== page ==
account, and each account receives one transponder for free; each additional
transponder costs $5.00.
New accounts can be created online at
portofcascadelocks.org or portofhoodriver.com. There is no required personal
identification to open an account, but each transponder is linked to a specific
vehicle so the make, model, color, year, and license plate number is required.
New customers should expect to receive their new transponders in the mail
within 3-4 business days, depending on the volume of orders. New customers can also open accounts at
either Port office during regular business hours. New accounts cannot be
created at the toll booths, however, due to traffic flow and safety concerns.
The “BreezeBy” system was first implemented for
the Hood River-White Salmon Interstate Bridge in 2006, establishing the first
electronic tolling system in Oregon. The system utilizes prepaid funds and
transponders to facilitate faster commutes through the toll plaza and provide
For more information, contact the Port of
Cascade Locks via email to firstname.lastname@example.org or stop by the Port
office at office at 427 Portage Road in Cascade Locks. Questions can also be
directed to the Port of Hood River via email to email@example.com, or visit the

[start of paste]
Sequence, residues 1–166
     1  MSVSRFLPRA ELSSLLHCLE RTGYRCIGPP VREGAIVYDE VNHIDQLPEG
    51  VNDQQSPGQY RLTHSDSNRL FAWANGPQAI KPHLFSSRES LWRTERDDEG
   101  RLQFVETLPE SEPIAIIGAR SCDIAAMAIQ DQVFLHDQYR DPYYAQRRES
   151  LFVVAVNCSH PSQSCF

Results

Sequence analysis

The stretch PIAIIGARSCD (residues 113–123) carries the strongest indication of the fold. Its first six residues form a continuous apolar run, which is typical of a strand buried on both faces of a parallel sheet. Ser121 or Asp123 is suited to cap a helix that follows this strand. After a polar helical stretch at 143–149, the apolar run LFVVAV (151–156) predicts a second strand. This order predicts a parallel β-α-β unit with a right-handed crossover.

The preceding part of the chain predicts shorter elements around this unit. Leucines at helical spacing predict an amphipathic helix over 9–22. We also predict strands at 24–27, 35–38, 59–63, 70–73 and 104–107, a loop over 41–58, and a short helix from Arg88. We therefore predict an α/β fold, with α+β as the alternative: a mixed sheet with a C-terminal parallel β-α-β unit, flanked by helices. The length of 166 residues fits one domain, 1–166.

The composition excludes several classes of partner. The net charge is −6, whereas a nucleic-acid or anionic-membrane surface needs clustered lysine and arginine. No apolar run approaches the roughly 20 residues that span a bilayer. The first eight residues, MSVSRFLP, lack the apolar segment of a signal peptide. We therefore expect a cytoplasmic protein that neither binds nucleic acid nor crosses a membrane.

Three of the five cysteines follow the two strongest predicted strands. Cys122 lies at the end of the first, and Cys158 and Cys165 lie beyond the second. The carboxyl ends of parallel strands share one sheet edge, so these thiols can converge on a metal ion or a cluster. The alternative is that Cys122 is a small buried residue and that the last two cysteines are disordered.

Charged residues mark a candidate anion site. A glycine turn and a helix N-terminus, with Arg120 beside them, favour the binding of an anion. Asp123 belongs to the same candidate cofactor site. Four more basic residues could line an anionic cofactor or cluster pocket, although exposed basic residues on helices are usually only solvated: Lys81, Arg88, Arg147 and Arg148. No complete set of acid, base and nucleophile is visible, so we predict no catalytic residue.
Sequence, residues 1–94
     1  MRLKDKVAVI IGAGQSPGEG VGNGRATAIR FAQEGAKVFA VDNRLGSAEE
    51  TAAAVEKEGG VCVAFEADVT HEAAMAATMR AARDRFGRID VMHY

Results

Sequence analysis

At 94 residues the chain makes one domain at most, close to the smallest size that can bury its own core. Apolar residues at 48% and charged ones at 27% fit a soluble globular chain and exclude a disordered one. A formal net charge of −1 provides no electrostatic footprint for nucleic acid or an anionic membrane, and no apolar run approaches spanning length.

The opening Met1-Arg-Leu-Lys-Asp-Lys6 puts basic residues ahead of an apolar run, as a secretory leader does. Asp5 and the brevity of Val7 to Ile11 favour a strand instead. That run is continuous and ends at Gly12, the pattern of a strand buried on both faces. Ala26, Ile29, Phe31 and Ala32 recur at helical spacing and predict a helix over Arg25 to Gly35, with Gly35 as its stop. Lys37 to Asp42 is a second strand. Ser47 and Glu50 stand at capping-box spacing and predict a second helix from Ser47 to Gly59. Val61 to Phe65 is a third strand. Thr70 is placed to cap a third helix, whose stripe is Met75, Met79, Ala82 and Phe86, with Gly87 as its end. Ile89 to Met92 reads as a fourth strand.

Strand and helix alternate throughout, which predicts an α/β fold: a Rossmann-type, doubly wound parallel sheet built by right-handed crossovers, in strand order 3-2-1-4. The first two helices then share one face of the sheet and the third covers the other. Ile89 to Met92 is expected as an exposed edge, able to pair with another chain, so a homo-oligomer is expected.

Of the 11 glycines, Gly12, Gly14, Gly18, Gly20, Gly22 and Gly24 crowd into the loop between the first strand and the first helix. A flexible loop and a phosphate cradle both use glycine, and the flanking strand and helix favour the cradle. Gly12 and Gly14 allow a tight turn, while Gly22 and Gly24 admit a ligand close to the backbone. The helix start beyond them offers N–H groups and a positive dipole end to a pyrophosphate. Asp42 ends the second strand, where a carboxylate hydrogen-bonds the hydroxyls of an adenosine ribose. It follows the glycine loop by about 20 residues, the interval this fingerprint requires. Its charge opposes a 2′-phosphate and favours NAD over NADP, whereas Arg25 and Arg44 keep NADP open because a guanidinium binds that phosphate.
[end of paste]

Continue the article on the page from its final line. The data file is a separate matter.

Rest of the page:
Port office at 1000 E. Port Marina Drive in Hood River.
In 2020, the Port of Hood River will initiate major updates to its Strategic Business Plan (Plan), the guiding document for the Port Commission and staff regarding policies, operations, and projects over the next five or more years.
The process to prepare
the Plan, including its final content and structure, must address significant
future challenges on the horizon. As such, the organization has identified numerous key considerations to be covered in the Plan process.
From the Port of Hood River Winter 2020 Newsletter
The Port of Hood River has 31 full and part-time regular employees. Of these, 10 reside in the State of Washington. The aggregate annual salary and benefits of our Washington employees equals about $850,000. This is a simple reflection of the bi-state nature of the Mid-Columbia Region. Whenever a new job position is open, applications are received from both states. We hire the best candidate, no matter the zip code. As we should.
Executive Director Michael McElwee
More generally, the Port’s
efforts provide tangible benefits to residents of both states. When the salmon
are running or during the summer boating season, you’ll often see Washington